Posts Tagged ‘Riverbanks Zoo’

A Trip to Visit Riverbanks Zoo in Columbia, SC, and See Some Art Too

Tuesday, March 5th, 2013

Our grandchild turned three at the end of February and after we finished the launch of the March 2013 issue of Carolina Arts, which can be downloaded at (http://www.carolinaarts.com/313/313carolinaarts.pdf), the family “packed” themselves into our car and headed to the Riverbanks Zoo in Columbia, SC. I was also hoping to see a few exhibits there – if we finished the zoo in time to see anything. I was hopeful.

The zoo experience finished around 4pm and once we got “packed” back into the car, Linda checked her copy of Carolina Arts on her iPhone and we headed to 701 Center for Contemporary Art which was open on Saturdays until 5pm.

It’s not too far from the zoo over to Whaley Street so we arrived about 4:20pm, but when we got there the gallery was closed. The current exhibit, Stephen Hayes: Cash Crop, has been extended to Mar. 31, 2013, so there is still a chance we might see it. The good thing was that a good part of the entrance to the gallery is glass – so those in our party got to see a good bit of the exhibit and it might have been a good thing since we had a 3 year old with us that we couldn’t get closer. There’s a lot of stuff to touch in this exhibit and that could have been a disaster.

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detail of one of the works in Cash Crop

At the core of the exhibit are 15 life-size sculptures of shackled people placed in boat- or coffin-like structures, with diagrams of captive, warehoused humans in Trans-Atlantic slave ships carved in wood on the back. The sculptures represent, Hayes says, “the 15 million human beings kidnapped and transported by sea during the Trans-Atlantic slave trade.”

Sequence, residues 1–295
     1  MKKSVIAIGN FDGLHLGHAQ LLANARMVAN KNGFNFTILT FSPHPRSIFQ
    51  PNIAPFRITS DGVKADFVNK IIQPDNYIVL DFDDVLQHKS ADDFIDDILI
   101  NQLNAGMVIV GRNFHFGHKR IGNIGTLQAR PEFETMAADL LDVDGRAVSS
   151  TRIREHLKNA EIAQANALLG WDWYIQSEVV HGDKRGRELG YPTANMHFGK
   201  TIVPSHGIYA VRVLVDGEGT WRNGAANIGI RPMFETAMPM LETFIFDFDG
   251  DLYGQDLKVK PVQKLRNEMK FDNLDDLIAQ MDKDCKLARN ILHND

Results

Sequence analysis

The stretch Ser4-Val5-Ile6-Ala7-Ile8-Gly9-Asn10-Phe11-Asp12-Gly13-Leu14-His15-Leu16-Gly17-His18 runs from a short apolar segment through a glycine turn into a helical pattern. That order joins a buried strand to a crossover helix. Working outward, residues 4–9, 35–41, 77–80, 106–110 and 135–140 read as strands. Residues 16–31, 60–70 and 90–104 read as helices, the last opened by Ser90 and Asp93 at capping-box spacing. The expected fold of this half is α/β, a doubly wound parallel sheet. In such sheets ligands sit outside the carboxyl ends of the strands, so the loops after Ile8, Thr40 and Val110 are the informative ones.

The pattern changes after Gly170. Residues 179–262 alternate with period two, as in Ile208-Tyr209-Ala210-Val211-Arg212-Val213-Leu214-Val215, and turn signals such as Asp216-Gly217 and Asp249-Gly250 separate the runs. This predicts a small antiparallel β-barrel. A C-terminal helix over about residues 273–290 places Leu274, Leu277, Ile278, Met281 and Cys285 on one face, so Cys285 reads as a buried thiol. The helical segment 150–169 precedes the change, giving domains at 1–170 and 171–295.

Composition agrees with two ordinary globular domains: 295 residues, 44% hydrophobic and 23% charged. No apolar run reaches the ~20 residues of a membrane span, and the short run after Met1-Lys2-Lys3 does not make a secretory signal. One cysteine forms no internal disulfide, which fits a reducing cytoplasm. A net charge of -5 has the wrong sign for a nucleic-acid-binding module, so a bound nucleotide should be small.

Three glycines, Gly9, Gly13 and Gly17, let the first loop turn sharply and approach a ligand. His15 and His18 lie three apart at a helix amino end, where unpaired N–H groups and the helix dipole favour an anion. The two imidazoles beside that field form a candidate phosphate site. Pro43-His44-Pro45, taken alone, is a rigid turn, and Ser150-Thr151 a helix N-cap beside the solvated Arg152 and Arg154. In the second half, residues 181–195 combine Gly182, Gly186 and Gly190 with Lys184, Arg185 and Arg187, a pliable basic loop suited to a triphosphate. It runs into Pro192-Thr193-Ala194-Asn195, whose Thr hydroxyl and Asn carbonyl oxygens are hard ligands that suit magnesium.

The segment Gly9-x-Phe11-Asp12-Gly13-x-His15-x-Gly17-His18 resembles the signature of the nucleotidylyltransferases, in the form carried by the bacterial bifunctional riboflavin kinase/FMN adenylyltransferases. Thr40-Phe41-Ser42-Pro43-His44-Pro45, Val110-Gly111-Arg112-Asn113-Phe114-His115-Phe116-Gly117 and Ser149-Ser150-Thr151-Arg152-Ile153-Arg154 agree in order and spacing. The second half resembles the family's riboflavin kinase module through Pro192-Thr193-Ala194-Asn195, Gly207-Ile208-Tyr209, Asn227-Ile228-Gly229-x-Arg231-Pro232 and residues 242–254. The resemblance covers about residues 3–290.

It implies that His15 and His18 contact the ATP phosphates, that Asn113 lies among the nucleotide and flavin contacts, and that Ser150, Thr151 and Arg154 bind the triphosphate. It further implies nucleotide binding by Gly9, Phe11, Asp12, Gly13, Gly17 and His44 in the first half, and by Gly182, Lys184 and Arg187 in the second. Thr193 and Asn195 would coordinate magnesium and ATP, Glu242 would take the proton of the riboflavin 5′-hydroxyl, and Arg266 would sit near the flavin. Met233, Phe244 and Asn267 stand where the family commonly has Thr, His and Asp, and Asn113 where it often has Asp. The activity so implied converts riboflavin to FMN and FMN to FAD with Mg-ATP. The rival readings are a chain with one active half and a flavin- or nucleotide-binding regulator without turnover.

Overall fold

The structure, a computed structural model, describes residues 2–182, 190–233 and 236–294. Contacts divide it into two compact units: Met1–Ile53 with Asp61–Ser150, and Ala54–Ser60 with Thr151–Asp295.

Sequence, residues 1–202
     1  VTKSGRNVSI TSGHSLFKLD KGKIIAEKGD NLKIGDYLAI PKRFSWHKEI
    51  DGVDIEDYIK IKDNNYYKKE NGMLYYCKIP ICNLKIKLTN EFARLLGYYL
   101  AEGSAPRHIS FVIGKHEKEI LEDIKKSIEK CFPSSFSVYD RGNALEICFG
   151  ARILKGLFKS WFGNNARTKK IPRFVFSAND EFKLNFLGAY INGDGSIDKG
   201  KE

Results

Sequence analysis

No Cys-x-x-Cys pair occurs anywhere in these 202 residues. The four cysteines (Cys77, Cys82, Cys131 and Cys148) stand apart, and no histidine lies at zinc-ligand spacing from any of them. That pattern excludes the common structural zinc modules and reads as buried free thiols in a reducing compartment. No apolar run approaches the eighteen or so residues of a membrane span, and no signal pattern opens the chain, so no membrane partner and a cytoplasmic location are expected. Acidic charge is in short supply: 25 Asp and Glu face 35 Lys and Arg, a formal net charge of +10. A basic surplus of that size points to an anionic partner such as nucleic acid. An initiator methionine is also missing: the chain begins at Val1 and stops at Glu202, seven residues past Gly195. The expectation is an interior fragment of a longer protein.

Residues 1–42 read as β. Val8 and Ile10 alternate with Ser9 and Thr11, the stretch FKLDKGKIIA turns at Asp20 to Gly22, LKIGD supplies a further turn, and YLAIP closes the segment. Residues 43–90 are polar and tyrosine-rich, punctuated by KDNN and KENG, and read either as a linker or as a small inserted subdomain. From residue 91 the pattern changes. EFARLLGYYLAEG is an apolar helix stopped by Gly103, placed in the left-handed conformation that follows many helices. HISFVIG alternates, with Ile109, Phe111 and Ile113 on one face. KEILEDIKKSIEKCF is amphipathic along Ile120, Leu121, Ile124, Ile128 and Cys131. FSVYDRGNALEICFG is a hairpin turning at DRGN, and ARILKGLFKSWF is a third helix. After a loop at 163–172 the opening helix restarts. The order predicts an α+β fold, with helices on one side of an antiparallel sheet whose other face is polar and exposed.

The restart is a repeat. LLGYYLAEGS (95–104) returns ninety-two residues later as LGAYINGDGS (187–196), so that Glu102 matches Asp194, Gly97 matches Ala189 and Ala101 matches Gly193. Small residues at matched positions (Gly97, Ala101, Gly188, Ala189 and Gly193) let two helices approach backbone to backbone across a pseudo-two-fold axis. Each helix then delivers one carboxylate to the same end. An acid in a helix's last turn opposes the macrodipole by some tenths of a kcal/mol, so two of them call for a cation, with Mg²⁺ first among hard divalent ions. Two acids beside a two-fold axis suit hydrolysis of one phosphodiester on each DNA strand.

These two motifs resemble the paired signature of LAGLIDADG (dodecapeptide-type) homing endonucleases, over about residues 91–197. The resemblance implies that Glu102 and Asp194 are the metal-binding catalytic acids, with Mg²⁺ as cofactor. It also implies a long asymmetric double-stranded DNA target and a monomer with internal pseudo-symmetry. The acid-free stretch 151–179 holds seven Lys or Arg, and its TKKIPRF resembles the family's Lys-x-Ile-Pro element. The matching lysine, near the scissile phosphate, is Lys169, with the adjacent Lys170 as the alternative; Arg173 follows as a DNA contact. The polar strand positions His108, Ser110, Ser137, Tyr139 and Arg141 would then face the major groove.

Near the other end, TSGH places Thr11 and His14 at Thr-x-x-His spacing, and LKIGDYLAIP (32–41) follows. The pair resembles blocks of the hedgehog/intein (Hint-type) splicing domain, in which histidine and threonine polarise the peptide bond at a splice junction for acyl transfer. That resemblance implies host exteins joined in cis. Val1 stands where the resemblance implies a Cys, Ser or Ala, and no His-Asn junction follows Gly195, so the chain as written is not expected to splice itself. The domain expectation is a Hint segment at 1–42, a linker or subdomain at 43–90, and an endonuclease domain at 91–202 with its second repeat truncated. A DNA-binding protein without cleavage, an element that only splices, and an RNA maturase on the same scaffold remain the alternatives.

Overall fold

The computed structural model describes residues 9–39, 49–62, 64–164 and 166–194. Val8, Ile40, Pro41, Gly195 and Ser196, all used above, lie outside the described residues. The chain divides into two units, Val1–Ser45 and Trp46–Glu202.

I’ve seen the exhibit before at Guilford College in Greensboro, NC, but each presentation of the exhibit is different depending on the venue it is being presented in, plus no matter where it is presented it’s a powerful and moving presentation of a slice of our country’s history that shouldn’t be forgotten.

We did get to see an exhibit of works by Jame Lathren, entitled the space between time, in the Hallway Gallery at 701. The exhibit of wax paintings will be up through Mar. 15. I’m not sure why we don’t get notice of these exhibits in this space from 701, but I hope they start coming to us so we can let people know what they might get to see there too.

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Work by Jame Lathren

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Work by Jame Lathren

So now what? Our check of Columbia galleries had told us most everywhere else we wanted to go was already closed. Except there might be a chance that someone was still over at Vista Studios keeping the doors open for the exhibit at Gallery 80808, New Work…The Natural Evolution of Six Artists and a Mountain Retreat, on view through Mar. 11, 2013. Exhibits that are presented by renters of the space are often manned longer than posted times.